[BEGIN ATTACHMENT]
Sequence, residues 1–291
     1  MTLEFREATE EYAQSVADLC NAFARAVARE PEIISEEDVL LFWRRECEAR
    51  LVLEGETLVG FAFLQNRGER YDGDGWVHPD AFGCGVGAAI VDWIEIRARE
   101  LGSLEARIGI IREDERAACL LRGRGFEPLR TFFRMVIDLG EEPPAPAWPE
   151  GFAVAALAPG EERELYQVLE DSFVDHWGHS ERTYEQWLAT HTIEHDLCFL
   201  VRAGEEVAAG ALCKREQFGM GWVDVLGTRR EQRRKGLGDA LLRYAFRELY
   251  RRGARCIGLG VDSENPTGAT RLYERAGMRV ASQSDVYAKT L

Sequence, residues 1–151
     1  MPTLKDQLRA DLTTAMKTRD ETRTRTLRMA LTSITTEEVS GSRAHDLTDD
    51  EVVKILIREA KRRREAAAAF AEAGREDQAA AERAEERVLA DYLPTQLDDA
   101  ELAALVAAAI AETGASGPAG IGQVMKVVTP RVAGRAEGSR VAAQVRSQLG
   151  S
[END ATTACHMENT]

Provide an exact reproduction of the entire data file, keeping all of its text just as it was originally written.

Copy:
Sequence, residues 1–291
     1  MTLEFREATE EYAQSVADLC NAFARAVARE PEIISEEDVL LFWRRECEAR
    51  LVLEGETLVG FAFLQNRGER YDGDGWVHPD AFGCGVGAAI VDWIEIRARE
   101  LGSLEARIGI IREDERAACL LRGRGFEPLR TFFRMVIDLG EEPPAPAWPE
   151  GFAVAALAPG EERELYQVLE DSFVDHWGHS ERTYEQWLAT HTIEHDLCFL
   201  VRAGEEVAAG ALCKREQFGM GWVDVLGTRR EQRRKGLGDA LLRYAFRELY
   251  RRGARCIGLG VDSENPTGAT RLYERAGMRV ASQSDVYAKT L

Sequence, residues 1–151
     1  MPTLKDQLRA DLTTAMKTRD ETRTRTLRMA LTSITTEEVS GSRAHDLTDD
    51  EVVKILIREA KRRREAAAAF AEAGREDQAA AERAEERVLA DYLPTQLDDA
   101  ELAALVAAAI AETGASGPAG IGQVMKVVTP RVAGRAEGSR VAAQVRSQLG
   151  S